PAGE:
- Age: Risk increase with age. Most people who have breast cancer are over 45 years old.
- Menstruation: If you started menstruating before you were 12 years old, or entered menopause when you were older than 55, your risk is slightly increased.
- Pregnancy and breastfeeding: An early pregnancy or multiple pregnancies can both reduce your risk, as does breastfeeding. Having no children or getting pregnant after the age of 30 increases your risk of developing breast cancer.
- Lifestyle factors: Obesity, smoking and alcohol use are all risk factors for breast cancer.
- Hormone replacement therapy (HRT): Current or previous use can increase the risk for breast cancer.
6Know your personal and family medical history. There are also risk factors related specifically to you, your family history, and your genetics, including:
- Personal medical history: If you have had a previous diagnosis of breast cancer, there is a risk that the cancer can re-occur in the same or opposite breast.
- Family history: You are more likely to develop breast cancer if one or more members of your family have had breast, ovarian, uterine or colon cancer. Your risk is doubled if you have a first-degree relative (sister, mother, daughter) with the disease.
- Genes: Genetic defects found on BRCA1 and BRCA 2 can dramatically increase your risk of developing breast cancer. You can opt to find out if you have these genes by contacting a genome mapping service. In general, approximately 5-10% of cases are related to heredity.
Part2 Recognizing Specific Symptoms
1Watch for changes in breast size or shape. Swelling from a tumor or infection can distort the shape and size of the breast tissue. This change often occurs on only one breast, but may appear to be on both sides.
2Note any unusual discharge from the nipple. If you are not currently breastfeeding, there should be no discharge coming from the nipple. If there is discharge, especially without squeezing the nipple or breast tissue, seek medical attention for further testing.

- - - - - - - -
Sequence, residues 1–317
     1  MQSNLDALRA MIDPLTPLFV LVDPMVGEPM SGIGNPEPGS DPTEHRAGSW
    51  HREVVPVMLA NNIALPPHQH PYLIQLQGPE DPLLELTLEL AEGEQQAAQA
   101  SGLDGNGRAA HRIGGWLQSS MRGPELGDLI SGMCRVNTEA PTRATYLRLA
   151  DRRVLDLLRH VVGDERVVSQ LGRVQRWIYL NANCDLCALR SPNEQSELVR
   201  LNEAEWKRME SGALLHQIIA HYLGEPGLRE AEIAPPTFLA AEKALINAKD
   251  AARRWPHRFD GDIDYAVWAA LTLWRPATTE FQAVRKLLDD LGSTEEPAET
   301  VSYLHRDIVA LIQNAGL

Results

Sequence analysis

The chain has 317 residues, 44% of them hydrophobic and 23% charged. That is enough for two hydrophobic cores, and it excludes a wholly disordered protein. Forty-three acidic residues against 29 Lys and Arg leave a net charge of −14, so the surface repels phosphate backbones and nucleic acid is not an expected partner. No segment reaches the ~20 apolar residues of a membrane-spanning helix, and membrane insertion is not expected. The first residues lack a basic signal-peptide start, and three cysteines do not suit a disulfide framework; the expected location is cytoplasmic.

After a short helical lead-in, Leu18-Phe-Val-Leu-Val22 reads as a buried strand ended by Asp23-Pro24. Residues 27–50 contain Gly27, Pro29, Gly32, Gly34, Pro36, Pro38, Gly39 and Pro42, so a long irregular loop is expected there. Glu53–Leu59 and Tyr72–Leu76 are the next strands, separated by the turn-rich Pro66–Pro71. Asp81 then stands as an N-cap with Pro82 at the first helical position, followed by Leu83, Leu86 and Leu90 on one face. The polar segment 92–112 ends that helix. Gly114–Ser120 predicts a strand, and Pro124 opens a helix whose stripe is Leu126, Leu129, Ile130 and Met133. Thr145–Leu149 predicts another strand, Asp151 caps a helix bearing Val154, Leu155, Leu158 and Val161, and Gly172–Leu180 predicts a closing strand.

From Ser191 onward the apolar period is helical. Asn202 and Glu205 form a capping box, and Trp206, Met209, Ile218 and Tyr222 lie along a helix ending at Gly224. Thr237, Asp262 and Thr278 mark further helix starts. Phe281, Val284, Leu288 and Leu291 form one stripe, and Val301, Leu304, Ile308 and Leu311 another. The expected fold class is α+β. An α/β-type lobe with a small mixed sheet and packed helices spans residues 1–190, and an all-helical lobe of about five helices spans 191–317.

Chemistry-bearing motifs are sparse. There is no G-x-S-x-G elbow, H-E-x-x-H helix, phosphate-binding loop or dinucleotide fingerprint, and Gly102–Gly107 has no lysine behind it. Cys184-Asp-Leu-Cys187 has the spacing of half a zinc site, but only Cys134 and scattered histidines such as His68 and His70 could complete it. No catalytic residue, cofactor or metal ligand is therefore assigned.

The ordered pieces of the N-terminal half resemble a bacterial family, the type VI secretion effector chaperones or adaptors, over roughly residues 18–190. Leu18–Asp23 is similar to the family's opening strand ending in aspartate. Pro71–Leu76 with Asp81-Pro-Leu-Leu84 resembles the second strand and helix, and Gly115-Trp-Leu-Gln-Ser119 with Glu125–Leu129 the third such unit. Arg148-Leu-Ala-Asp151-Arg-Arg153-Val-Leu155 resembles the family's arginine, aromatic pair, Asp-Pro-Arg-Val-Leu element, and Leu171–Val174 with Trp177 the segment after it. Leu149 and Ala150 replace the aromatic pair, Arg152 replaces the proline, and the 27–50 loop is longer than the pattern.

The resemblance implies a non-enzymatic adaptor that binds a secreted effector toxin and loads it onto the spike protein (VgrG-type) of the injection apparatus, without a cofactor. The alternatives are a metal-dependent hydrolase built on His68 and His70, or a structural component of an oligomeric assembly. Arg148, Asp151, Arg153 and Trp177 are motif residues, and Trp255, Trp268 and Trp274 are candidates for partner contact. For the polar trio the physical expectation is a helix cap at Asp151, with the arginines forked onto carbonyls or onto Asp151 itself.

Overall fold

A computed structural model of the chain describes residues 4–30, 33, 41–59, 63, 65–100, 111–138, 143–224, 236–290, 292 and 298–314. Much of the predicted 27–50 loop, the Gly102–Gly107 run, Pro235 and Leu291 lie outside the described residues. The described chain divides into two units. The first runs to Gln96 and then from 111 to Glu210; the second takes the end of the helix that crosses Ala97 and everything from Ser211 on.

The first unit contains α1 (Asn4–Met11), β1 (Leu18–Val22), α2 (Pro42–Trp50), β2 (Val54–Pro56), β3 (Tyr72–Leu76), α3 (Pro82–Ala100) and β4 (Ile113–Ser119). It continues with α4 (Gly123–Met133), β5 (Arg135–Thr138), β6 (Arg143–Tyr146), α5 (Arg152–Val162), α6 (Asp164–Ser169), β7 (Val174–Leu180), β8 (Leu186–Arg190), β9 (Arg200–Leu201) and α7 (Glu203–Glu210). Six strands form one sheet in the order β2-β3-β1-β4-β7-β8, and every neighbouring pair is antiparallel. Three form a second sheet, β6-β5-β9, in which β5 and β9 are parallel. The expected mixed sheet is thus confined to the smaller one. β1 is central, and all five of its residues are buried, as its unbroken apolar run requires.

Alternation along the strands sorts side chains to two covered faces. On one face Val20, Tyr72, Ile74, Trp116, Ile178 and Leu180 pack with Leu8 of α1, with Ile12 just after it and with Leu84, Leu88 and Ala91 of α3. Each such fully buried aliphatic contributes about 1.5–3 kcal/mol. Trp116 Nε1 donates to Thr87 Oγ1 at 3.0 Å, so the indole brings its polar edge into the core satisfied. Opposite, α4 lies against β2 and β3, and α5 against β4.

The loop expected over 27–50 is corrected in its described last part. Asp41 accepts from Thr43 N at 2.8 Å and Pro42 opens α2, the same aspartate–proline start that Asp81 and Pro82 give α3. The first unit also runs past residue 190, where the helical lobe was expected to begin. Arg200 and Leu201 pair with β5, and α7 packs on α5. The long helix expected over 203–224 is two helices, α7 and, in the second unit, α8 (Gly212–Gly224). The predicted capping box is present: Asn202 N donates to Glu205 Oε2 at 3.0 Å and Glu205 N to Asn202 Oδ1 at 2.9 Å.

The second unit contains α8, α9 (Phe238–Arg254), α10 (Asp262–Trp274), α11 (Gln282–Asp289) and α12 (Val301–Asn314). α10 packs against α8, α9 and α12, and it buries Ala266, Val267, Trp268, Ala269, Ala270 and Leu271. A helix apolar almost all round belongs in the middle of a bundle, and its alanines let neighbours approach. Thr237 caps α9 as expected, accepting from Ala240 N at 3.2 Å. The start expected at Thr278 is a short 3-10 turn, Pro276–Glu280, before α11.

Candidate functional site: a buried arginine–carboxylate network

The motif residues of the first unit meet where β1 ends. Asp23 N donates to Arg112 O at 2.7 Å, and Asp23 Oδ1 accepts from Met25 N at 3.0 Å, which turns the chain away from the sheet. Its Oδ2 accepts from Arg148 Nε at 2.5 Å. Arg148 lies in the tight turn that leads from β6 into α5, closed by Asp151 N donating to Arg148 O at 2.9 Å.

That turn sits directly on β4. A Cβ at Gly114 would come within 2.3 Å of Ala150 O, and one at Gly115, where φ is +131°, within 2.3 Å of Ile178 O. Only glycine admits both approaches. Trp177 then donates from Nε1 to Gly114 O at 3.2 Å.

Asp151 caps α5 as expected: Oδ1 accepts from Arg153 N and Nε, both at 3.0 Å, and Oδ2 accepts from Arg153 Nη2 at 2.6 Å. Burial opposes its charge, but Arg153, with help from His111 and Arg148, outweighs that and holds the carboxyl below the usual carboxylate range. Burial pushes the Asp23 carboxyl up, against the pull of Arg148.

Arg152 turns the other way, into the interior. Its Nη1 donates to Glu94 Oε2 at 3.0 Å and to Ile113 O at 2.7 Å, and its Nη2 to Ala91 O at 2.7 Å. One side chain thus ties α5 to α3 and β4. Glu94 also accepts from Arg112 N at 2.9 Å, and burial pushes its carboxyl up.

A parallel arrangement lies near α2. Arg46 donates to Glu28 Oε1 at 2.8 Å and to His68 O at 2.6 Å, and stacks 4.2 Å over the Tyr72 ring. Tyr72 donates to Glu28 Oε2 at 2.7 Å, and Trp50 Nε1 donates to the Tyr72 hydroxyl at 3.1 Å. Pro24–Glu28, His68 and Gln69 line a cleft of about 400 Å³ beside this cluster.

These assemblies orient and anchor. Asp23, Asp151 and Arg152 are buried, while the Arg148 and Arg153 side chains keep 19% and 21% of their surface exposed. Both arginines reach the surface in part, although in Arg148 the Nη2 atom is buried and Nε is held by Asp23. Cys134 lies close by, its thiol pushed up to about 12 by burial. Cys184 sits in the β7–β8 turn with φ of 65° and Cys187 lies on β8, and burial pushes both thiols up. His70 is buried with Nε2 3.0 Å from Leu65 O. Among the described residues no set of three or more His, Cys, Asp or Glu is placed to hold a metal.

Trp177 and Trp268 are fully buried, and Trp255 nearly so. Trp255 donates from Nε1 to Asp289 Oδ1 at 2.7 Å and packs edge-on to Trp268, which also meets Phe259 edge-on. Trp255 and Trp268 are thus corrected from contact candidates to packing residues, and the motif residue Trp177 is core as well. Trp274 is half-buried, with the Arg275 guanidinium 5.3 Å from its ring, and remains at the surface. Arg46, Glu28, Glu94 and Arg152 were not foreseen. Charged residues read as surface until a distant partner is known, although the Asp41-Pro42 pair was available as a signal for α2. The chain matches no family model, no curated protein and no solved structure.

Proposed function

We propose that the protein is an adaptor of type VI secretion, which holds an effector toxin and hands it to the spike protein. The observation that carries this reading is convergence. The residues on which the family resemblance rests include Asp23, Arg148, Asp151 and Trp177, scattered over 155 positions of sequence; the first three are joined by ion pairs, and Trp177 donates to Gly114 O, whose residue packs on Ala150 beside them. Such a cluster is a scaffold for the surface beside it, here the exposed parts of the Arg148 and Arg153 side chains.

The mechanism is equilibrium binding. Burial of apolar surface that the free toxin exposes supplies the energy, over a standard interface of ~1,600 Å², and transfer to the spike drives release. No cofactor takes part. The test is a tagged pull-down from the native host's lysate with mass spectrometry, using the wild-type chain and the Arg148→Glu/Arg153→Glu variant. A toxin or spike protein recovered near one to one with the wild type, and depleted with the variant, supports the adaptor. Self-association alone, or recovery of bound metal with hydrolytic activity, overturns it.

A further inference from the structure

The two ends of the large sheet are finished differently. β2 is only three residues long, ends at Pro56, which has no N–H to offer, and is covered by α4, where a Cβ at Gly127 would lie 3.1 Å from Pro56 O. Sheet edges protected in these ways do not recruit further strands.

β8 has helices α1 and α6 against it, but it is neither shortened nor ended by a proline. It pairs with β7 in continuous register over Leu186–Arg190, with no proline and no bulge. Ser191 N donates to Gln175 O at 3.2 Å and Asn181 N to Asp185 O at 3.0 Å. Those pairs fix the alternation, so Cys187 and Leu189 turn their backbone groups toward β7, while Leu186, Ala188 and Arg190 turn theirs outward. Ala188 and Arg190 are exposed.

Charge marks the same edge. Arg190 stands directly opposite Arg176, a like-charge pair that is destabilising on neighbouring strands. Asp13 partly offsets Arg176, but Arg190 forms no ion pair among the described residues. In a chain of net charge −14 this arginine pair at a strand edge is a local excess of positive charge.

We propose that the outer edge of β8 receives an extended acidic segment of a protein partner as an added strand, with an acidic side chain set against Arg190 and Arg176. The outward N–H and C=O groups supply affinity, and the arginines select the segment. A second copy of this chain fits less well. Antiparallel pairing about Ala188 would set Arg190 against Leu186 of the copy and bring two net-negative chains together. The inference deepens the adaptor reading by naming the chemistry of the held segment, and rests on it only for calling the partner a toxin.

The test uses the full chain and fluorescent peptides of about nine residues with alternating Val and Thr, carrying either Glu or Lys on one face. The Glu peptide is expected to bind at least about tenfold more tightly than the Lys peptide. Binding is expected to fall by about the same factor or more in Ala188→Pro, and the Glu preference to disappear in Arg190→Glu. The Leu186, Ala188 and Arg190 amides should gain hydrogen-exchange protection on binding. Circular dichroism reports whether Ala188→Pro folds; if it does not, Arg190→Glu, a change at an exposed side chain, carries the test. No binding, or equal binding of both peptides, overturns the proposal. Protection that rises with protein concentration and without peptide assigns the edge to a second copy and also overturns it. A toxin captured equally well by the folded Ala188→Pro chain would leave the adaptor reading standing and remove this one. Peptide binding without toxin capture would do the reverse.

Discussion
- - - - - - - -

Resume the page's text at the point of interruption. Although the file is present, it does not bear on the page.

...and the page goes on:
3Look for swelling. In particular, look for swelling around the breast, collarbone or armpit. There are aggressive and invasive types of breast cancer that may cause swelling in these areas before you can feel a lump in the breast tissue.
4Observe for a dimpling in the breast tissue or changes in the nipple. Tumors or growths in the breast near the surface of the skin or nipple can cause a change in shape of the tissue.
- In some instances, the nipple will become inverted or you may notice a dimpling in the skin over the breast tissue.
5Report skin thickening, redness, warmth or itching. Inflammatory breast cancer, though rare, is a particularly invasive and aggressive type of cancer. It may present with symptoms similar to an infection in the breast, such a tissue that is warm, itching or red. If antibiotics do not quickly resolve the issue you should seek the care of a breast surgeon immediately.
6Be aware that pain is not normal. If you experience pain in your breast tissue or at the nipple area which does not resolve quickly you should seek medical attention. Breast tissue is not normally painful and pain may indicate an infection, growth, or lump or tumor. However, breast pain is not usually a sign of cancer.
- Keep in mind that if you are still menstruating or pregnant, you may experience temporary breast soreness, discomfort, tenderness as a result of hormone fluctuations. However, if you feel pain and it is persistent and unrelated to your menstrual cycle, you should still consult your doctor.
7Recognize signs of advanced breast cancer. Remember, exhibiting these signs doesn’t necessarily mean you have breast cancer. They’re all good reasons to see a doctor, though, for further investigation. Such symptoms include:
- Weight loss
- Bone pain
- Shortness of breath
- Ulceration of the breast, meaning the existence of sores that may be red, itchy, painful and ooze pus or clear fluid
Part3 Undergoing Medical Screening for Breast Cancer
1Get a clinical breast exam. When you go in for your yearly physical or pelvic exam, ask your physician to do a manual check of your breasts for any suspicious lumps or other changes. Physicians are trained in how to do a breast exam and will know what to look for. This is why you should never try to replace this exam, though sometimes uncomfortable and awkward, with your own self-examination.
- Your doctor will begin by checking the appearance of your breasts. You will be asked to raise your arms over your head and then hang them down by your sides while the doctor examines the size and shape of your breasts. You will then undergo a physical examination. While you lie down on the examination table, your doctor will use the pads of their fingers to examine the entire breast area, including the armpits and collarbones. The exam should last for only for a few minutes.